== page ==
On the other hand, some of the material - particularly that discussing global warming - felt more important than anything I recall in the first volume. The discussions about how one might approach fixing global warming were interesting and enlightening.

I consider myself something of a realist on the global warming front. It seems pretty clear to me that the planet is warming up, and that humanity is at least somewhat responsible, but the important thing is what we do about it, not the placing of blame or even the fingering of specific causes. And as usual with the media there is a lot of hype and cruft on both sides of the argument, making it difficult to separate truth and falsehood.

It seems likely that we'll have to do something about it in the end and it is interesting to read the proposed mitigations here. The authors appear to think getting to carbon free energy sources is a good idea as soon as we can make it happen - for any number of reasons - but that getting there will probably take longer than we want to wait for those energy sources, or for the carbon we've already emitted to be reduced back to normal levels. I tend to agree on all counts.

In one way this book is much better than the first. I didn't come away feeling that the authors were out to promote themselves, which they did a bit of the first time around.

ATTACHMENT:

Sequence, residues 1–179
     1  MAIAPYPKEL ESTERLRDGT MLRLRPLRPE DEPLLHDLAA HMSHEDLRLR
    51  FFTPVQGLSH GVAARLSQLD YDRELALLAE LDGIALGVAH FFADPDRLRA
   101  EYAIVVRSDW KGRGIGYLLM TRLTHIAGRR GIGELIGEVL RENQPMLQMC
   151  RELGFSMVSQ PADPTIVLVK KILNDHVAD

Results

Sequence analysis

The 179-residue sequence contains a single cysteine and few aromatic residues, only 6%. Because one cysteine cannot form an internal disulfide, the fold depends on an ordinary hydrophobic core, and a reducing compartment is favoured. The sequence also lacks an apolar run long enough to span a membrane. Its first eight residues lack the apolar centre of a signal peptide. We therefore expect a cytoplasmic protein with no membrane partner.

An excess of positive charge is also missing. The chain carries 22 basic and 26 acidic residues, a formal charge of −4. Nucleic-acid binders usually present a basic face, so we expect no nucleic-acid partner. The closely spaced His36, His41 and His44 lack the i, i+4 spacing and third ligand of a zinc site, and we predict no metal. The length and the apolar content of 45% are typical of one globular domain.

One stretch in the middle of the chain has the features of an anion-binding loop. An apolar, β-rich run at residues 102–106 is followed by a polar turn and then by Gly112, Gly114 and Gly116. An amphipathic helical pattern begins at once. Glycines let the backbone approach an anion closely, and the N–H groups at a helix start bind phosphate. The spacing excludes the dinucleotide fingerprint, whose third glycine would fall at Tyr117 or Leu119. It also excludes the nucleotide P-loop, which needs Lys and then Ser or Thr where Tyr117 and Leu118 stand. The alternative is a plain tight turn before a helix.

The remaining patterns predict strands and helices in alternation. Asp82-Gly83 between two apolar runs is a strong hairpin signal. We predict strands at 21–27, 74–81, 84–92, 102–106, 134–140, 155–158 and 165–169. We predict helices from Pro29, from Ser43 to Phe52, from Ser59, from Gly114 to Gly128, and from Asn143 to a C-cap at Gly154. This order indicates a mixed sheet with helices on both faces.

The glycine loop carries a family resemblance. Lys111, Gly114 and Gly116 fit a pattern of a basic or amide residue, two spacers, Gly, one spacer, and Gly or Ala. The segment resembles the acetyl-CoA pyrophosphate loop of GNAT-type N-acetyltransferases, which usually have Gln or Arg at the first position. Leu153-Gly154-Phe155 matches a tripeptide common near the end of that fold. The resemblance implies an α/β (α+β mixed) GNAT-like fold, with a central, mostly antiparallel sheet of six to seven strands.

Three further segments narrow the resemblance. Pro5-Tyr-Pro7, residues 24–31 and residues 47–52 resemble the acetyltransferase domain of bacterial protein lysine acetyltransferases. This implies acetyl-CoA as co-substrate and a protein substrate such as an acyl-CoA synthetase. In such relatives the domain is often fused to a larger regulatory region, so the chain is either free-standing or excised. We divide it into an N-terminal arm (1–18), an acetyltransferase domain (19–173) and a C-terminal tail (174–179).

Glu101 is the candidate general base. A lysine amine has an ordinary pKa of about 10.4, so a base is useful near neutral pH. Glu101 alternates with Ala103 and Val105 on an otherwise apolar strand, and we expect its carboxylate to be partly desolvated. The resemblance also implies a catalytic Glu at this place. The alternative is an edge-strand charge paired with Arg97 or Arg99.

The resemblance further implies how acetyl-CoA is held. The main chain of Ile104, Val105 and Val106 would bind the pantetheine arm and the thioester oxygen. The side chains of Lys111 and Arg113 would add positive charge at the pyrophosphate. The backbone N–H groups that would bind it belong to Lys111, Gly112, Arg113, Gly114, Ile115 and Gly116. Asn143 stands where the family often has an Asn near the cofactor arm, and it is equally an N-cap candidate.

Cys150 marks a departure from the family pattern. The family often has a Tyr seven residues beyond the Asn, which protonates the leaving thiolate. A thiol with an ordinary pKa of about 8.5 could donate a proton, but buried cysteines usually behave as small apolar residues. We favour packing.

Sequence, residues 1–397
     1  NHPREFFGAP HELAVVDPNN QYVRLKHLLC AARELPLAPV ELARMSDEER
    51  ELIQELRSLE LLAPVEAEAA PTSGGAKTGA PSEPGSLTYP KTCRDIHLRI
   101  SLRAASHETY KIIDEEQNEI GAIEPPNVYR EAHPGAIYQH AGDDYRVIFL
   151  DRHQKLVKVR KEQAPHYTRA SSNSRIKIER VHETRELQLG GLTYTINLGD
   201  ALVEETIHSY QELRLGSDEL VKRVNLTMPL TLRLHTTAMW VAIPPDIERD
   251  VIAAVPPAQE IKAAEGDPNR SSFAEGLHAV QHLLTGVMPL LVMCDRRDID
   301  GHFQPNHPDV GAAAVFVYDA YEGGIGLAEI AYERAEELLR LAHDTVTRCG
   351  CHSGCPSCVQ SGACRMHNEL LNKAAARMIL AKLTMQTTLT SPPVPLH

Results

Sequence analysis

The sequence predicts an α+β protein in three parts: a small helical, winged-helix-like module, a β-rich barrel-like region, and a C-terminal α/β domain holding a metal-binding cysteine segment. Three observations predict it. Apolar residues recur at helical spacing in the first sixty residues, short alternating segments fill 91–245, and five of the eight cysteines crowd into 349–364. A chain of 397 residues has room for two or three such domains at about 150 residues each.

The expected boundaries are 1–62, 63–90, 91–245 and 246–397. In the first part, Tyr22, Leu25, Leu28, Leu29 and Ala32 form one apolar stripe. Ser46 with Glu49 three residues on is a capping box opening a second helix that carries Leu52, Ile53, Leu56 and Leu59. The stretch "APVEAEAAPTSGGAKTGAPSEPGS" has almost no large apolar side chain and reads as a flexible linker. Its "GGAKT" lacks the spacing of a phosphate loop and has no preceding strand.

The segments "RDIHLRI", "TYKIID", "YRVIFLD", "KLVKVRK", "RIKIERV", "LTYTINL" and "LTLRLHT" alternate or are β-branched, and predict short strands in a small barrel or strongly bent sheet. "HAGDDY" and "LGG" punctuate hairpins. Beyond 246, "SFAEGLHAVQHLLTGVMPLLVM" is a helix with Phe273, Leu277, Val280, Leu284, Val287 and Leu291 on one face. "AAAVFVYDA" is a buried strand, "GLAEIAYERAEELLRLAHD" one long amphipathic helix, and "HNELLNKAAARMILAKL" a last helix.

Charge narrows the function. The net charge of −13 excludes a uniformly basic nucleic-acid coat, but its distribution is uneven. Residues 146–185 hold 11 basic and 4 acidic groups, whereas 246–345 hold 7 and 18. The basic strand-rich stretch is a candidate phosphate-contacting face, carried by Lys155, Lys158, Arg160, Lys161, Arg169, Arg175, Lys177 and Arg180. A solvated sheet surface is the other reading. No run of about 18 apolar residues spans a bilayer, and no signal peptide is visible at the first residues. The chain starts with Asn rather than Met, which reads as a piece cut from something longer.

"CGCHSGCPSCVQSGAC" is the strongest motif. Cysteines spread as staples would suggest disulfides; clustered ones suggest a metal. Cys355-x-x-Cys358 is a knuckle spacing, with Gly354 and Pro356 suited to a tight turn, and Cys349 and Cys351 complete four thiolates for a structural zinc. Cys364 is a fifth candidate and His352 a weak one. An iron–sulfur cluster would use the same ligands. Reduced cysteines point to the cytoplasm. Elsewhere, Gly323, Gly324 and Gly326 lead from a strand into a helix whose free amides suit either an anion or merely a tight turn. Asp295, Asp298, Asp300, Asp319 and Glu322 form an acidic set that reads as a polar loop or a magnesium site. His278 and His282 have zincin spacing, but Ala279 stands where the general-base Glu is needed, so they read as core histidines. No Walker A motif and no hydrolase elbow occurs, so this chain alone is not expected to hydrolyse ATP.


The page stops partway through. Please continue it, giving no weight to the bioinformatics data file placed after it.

In a nutshell this is a good but lightweight book. If it, like its predecessor, causes people to think about new things in economic terms, that's a good thing.

Saturday, January 29, 2011

The Bourne Identity, Robert Ludlum

The Bourne Identity
Robert Ludlum

Published in 1980, The Bourne Identity tells part of the story of Jason Bourne, a man who, well... this gets a bit complicated.

First of all, the book and the movie of the same name, while related, tell very different stories. I have a fascination with the conversions of novels into movies, and it was only after I watched the movie (9 years after it was released) that I bothered to track down and read the book, mostly to see how it had been converted into a movie.

Both the movie and the book center around an individual suffering severe amnesia who gradually discovers his past. Some of the other characters share names between the book and the movie, but the story arcs are very different.

In the book we learn that Jason Bourne is part of a plot to remove a master assassin named Carlos. He has to figure that out of course, thanks to the amnesia. As in the movie there is a woman, Marie, who helps him, though in the book she's an expert in international finance instead of a student.